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So far Kayla White has created 7 blog entries.

Summit Stewardship Program 2021 End of Season Report


By Kayla White, Stewardship Manager In its 32nd year, the Adirondack High Peaks Summit Stewardship Program has adapted and continued to protect the alpine ecosystem while expanding its outreach through new avenues. With changing state and federal guidelines and an increased understanding of the pandemic, we were able to safely hire READ MORE

Summit Stewardship Program Releases 2020 Mid-Season Report


This season has been challenging for the program. We all have had to make sacrifices for the safety of our neighbors and loved ones. I want to take a moment to thank you all for your patience, resilience and activism in these trying times. We’ve all had to adapt and READ MORE

Monitoring Alpine Plants in the High Peaks


New York State’s rarest ecosystem co-exists with some of the greatest recreational opportunities in the state atop the Adirondack High Peaks. These peaks have been experiencing a dramatic increase in the numbers of hikers over the past seven years. Adirondack High Peaks summit stewards have been educating hikers about the alpine READ MORE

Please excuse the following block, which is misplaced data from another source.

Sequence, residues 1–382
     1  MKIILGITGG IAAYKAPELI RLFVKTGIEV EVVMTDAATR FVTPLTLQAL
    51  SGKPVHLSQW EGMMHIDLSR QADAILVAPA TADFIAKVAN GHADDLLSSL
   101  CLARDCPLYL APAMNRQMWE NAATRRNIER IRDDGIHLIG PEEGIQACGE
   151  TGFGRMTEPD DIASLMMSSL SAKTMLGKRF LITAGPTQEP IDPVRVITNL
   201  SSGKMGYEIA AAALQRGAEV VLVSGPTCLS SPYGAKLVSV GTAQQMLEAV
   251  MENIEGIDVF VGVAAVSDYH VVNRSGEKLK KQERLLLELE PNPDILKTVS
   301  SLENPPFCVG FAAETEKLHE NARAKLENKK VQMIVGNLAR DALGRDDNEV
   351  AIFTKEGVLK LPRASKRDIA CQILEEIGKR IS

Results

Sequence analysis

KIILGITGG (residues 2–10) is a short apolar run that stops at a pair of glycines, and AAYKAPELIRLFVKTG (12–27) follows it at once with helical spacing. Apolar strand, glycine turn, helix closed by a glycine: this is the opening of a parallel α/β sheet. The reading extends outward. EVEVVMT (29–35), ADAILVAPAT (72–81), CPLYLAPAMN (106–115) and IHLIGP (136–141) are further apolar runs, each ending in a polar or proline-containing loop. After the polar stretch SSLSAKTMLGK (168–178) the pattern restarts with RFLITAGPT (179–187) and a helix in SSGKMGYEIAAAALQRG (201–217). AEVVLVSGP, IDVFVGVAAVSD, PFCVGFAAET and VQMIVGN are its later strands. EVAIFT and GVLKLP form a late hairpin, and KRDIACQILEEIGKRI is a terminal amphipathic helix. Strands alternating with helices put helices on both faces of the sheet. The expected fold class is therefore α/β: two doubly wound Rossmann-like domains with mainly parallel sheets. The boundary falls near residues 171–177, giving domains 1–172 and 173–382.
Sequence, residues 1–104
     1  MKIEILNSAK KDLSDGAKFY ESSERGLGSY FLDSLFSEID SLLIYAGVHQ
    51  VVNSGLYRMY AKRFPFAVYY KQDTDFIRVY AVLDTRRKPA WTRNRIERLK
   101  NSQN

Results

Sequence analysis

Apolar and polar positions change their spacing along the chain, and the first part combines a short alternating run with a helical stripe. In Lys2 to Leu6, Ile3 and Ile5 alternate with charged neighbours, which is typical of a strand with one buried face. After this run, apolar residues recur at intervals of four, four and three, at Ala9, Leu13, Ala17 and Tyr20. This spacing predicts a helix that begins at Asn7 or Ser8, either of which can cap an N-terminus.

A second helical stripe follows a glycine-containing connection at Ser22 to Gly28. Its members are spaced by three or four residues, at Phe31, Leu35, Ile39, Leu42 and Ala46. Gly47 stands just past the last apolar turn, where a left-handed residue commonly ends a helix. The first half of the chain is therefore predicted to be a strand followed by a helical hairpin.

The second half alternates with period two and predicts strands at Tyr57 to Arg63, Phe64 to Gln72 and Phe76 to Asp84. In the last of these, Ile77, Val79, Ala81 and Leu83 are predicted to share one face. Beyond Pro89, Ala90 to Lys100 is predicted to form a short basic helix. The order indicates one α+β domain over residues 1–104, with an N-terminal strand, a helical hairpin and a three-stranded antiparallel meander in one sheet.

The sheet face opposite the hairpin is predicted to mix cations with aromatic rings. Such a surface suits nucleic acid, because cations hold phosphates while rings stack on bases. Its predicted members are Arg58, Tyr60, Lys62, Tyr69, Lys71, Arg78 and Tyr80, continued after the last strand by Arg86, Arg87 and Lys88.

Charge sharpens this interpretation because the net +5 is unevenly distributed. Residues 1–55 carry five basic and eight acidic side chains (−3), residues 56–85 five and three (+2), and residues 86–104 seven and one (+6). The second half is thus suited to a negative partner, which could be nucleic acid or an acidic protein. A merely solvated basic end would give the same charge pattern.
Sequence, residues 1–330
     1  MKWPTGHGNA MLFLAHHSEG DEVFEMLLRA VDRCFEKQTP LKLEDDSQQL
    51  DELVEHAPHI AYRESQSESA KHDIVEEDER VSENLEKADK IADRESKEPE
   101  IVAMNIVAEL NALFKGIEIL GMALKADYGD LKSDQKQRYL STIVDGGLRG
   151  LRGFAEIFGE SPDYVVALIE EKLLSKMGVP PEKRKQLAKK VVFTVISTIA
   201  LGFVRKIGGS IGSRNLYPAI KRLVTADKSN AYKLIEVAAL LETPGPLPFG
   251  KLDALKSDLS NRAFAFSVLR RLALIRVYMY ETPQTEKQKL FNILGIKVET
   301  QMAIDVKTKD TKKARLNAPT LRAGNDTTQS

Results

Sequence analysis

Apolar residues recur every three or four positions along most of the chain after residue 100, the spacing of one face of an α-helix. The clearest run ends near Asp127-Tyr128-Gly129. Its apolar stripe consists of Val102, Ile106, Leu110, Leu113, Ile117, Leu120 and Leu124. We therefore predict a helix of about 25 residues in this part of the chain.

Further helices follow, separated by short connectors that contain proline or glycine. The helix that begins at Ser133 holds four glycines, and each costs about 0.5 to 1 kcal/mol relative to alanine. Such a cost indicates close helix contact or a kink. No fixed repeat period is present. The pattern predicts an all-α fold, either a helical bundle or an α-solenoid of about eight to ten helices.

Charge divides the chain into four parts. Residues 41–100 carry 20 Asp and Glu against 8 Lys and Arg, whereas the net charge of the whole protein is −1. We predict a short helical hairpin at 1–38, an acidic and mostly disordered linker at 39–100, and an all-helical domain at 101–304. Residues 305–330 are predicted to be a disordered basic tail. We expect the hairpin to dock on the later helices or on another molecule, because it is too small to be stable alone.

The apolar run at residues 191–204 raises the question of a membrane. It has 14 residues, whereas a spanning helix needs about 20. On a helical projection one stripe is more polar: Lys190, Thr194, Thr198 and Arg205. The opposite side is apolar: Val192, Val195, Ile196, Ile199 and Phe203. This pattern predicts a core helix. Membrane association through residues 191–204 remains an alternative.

Update from the Summits: June 2018


Adirondack High Peaks Summit Stewards were in training from Memorial Day weekend (5/25) through mid-June. New volunteers participated in training in early May and team stewarding through the end of June. Summit Steward training includes team stewarding with returning staff, Wilderness First Aid, Leave No Trace Trainer course, botany training READ MORE

2017 Summit Steward Season


Education With a dedicated crew of 4 professional stewards and 23 volunteers, summit stewards have spoken to 24,738 hikers on the mountain tops this year so far! Summit stewards can be found teaching hikers how to stay on the rocks and off alpine plants on Marcy, Algonquin, Wright and Cascade READ MORE

Alpine Spring


Alpine plants are the sprinters of the plant world. In the Adirondacks, they have about sixty frost-free days a year in which to bloom and store energy before winter returns. Once the snow and ice start to melt in May, alpine plants begin photosynthesizing immediately. Another adaptation is that alpine READ MORE

How Winter Shapes the Alpine Zone


New York’s alpine zone is a dangerous, gripping, and magnificent place. Above this treeless landscape you are exposed to the elements: ripping wind, slippery ice, and snow that could come up to your boots in one section of trail and up to your waist in another. It is also home READ MORE